Brace yourselves for tears and quite possibly tantrums. This Christmas Day is going to be dramatic, and it’s got absolutely nothing to do with disappointing presents, burnt birds or offensive aunties.
At 8:45pm on ITV, Downton Abbey is bowing out. The Crawleys and their staff are set to say their final farewells and we’re going to be tear-soaked messes by the end of it. Whatever happens.
There are plenty of loose ends we’d quite like tied up. A hefty list of demands: wedding vows for Edith, a baby for the Bates family, romance for Daisy, a viable financial future for the Abbey.
But when it comes to the actual plot of the festive special, we are, as usual, in the dark. So what else can we do? For the final time, let’s make some spurious suggestions…
They’ve been saying it for years, but times really are changing. The Abbey is on the market and a hefty ‘For Sale’ sign stands on that sweeping gravel drive to prove it. But, disappointingly, interest is limited.
Robert has sought out advice from property moguls, and decided to brighten the place up a little to attract potential buyers. He was going to go for Magnolia, as advised, but Lemon Yellow was on special offer at Downton’s paint supplier. And until contracts are exchanged, money is tight…
The future might be uncertain, but a last Christmas must be appropriately celebrated. Lady Mary simply insists.
You know how everyone says this time of year is extra special when children are around? Well, actually, she couldn’t disagree more. The Abbey is teaming with small humans these days, but it’s still Queen Mary who gets to put the angel on the top of the tree. In fact, George, Sybbie and Marigold have been locked up in the nursery so they don’t get in the way, or worse, get their grubby fingerprints on the glass baubles.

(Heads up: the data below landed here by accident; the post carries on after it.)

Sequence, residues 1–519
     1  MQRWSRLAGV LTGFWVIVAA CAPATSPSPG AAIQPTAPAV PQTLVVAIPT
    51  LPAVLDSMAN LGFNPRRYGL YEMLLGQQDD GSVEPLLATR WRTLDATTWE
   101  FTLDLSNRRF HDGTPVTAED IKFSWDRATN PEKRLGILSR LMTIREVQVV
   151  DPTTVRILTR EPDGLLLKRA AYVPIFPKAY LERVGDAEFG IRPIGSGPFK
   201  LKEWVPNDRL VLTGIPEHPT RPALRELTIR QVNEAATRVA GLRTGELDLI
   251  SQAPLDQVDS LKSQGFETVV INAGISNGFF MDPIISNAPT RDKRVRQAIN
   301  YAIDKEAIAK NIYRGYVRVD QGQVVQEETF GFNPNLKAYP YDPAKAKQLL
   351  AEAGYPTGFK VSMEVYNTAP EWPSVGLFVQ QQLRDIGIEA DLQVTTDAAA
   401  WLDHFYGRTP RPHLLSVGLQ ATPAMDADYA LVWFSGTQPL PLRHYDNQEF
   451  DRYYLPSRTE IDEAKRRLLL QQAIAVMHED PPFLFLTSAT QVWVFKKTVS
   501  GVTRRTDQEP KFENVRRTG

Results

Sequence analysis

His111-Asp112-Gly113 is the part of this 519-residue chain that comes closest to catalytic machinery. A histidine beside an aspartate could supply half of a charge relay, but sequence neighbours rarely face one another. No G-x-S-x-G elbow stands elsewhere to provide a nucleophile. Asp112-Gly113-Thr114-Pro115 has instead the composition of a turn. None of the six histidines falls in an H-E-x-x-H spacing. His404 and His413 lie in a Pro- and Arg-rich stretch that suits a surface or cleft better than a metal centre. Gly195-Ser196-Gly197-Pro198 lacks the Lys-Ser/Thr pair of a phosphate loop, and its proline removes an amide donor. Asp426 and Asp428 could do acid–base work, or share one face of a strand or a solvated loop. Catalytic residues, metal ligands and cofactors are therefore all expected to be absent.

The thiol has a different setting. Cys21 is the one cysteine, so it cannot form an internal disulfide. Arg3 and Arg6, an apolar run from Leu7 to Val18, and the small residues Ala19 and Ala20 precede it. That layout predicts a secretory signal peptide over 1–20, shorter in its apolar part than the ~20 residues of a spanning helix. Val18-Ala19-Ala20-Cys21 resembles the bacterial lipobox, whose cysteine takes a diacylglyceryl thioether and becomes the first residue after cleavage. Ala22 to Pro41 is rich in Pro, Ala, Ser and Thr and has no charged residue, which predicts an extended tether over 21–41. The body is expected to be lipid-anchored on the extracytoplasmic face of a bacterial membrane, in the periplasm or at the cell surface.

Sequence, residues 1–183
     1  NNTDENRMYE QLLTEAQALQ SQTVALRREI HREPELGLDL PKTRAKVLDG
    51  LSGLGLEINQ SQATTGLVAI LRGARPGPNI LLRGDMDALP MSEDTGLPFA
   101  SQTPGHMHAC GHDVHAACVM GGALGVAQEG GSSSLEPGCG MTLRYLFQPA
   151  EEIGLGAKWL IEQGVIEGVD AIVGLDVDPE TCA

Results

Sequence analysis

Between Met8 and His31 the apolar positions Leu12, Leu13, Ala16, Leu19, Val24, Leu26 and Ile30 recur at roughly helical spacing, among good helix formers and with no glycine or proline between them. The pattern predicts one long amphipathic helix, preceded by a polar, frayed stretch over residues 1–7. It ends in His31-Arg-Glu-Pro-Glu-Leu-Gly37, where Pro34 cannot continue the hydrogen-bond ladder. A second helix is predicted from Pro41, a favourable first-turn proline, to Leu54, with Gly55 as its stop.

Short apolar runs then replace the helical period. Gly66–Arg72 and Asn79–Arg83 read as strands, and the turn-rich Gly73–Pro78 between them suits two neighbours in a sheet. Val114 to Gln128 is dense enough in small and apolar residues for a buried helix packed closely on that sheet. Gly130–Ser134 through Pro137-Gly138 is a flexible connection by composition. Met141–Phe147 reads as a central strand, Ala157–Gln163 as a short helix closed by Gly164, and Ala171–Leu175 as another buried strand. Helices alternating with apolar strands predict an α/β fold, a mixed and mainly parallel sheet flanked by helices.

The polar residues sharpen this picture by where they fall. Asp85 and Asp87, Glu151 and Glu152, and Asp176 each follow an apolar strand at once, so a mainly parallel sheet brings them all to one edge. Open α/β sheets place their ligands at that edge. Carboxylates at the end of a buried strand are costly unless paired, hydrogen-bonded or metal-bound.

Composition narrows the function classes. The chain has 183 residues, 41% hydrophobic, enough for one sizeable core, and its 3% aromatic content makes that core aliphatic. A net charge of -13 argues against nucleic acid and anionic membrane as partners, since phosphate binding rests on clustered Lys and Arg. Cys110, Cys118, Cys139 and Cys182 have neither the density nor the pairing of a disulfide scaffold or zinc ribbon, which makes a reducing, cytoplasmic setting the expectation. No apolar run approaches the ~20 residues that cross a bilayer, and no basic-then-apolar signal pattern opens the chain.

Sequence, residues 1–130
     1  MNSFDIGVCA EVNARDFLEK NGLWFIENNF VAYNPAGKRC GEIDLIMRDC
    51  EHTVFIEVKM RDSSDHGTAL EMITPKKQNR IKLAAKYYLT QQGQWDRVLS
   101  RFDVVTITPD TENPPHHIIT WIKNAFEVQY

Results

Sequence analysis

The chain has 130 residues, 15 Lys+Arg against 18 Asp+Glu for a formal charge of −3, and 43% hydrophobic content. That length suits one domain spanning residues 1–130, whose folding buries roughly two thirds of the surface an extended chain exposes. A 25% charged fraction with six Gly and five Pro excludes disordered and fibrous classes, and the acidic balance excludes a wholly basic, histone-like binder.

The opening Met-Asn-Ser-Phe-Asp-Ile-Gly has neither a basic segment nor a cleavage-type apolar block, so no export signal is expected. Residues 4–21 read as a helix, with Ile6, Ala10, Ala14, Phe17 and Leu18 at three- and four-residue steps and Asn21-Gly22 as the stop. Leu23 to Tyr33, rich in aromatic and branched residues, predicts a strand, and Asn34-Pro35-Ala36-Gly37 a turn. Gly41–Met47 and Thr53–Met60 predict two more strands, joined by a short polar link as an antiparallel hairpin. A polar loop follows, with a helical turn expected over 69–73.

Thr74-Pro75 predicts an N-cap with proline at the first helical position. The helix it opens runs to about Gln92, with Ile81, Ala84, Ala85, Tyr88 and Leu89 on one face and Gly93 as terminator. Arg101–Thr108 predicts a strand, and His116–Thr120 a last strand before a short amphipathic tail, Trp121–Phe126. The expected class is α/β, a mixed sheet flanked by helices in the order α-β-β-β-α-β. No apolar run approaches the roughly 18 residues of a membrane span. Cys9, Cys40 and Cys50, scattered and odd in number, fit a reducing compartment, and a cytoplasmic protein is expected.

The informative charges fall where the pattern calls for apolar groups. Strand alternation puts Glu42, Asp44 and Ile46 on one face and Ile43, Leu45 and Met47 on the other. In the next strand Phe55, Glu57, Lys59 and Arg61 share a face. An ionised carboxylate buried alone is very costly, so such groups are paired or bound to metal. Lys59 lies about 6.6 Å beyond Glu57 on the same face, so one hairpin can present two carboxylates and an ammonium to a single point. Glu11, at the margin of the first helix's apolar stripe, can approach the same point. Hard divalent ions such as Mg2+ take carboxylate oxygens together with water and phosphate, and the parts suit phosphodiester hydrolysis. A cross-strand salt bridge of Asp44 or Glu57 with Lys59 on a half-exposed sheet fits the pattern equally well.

Over in the village, Dr Clarkson is feeling lonesome. He keeps trying to discuss the future of the hospital but no one’s interested anymore.
All the serious medical cases and interesting skin conditions are now heading to York instead of the tiny village infirmary, so he’s twiddling his thumbs. And also hanging around by the road side hoping for a serious accident…
The end is nigh, standards are slipping, Carson has been left to serve the dinner on his own and it’s all too much. One negative word from Mr Branson was the straw that broke the Butler’s back – he’s a former chauffeur after all and represents all that is wrong with this brave new world – and a punch-up is set to ensue.
But then it wouldn’t be Friday night at the Abbey without a commotion in the dining room. Let’s all just thank the God of Period Drama that no one got blood on the table cloth this time.
Thomas Barrow’s employment has long been on shaky ground, but now he’s got the most important job of all.
Clipboard in hand, he’s organising the evacuation of the Abbey. Now the sprawling country pile has found new owners, most of the staff have been given the heave-ho, so Thomas is packing everyone off into cabs, with kind words and firm handshakes. It’s a sombre affair and naturally the staff have donned mourning dress in respect, but Thomas is struggling to keep that smug smile off his face. He’s clearly planning a massive rave once they’ve all toddled off…
The stars have aligned for Septimus Spratt. The Crawleys are looking for new ways to spend their ample free time, now that taking tea and wandering through empty corridors is no longer an option, while the rest of the gang are scrabbling around to find a new path, but he’s scored big.
He’s just been told that he – or rather his agony aunt alter-ego Miss Cassandra Jones – is getting a spinoff radio show where he’ll be advising the nation (and starring in Radio Times magazine).
Naturally, Denker is disgusted at the prospect which makes his success even sweeter.
Downton Abbey concludes on Christmas Day at 8:45pm on ITV